The Loons and Loch of Banks are the largest remaining wetlands in Orkney.
The Loons and Loch of Banks are the largest remaining wetlands in Orkney, and the perfect places to see wetland wildlife at its best. Enjoy the tranquillity of pools surrounded by yellow flag iris, while the sounds of wading birds, ducks and geese fill the air.
The reserve supports several species of breeding duck, including wigeons and pintails, and there are impressive numbers of wading birds, such as lapwings, snipe and curlews. In winter, these wetlands attract several hundred ducks and at The Loons a flock of up to 100 Greenland white-fronted geese.
The reserve is also home to the great yellow bumblebee, one of the country’s rarest bees and confined to Orkney, Caithness and the Western Isles.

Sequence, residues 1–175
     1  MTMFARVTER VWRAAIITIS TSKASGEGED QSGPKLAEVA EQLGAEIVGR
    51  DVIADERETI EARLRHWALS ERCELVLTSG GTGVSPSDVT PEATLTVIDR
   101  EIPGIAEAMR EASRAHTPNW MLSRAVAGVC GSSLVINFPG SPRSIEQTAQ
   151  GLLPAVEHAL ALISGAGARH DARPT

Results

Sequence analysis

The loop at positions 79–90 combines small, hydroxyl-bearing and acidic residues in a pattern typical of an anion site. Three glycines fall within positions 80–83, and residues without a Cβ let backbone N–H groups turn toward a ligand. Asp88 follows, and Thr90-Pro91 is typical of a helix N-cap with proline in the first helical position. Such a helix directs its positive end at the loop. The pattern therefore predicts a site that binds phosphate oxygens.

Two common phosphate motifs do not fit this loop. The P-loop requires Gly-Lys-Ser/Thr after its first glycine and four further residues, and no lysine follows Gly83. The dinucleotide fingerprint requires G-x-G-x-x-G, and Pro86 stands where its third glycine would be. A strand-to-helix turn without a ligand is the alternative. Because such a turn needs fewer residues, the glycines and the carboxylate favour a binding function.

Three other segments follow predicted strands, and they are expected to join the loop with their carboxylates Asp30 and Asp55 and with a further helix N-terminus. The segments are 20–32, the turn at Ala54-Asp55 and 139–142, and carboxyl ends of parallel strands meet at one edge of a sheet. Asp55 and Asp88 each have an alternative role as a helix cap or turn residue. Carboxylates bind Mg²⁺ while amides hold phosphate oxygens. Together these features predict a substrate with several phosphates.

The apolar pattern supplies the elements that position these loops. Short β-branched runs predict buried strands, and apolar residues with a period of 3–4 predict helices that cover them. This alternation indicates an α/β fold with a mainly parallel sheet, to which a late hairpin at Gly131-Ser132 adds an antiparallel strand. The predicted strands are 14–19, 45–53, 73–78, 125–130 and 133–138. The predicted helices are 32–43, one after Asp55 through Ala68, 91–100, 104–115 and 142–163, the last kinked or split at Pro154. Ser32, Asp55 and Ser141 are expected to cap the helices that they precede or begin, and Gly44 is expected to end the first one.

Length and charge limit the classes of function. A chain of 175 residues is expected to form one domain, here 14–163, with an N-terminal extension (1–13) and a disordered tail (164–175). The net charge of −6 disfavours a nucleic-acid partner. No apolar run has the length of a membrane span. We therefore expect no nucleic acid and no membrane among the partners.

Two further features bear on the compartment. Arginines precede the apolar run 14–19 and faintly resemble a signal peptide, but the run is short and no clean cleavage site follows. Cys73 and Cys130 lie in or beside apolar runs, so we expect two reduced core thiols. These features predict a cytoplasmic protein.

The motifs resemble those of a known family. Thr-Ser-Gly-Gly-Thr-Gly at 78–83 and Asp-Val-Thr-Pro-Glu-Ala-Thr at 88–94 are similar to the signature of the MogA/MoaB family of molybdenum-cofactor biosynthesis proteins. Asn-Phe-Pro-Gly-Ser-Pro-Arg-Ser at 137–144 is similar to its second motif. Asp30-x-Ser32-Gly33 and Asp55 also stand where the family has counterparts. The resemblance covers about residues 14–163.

This nature reserve is important for wildlife. RSPB Scotland welcomes responsible access, in line with the Scottish Outdoor Access Code. During the ground-nesting bird breeding season (1 April to 15 August) we would ask that you keep your dog close to you, preferably on a short lead and please clean up after your dog.Viewing points
There is a hide at the north of The Loons reserve (grid ref: HY246242), close to the Marwick road, which offers views over a section of the wetland and reedbed. At the Loons there is also a three-car layby (grid ref: HY251246), with an information panel, which overlooks the reserve.Nature trails
Both The Loons and Loch of Banks are best viewed from the road. Please avoid entering the marsh as it can disturb the birds.
Buses pass the end of the Marwick and Dounby roads daily.By road
The reserve is off the minor road that connects the B9056 and A986, north-west of the Loch of Isbister.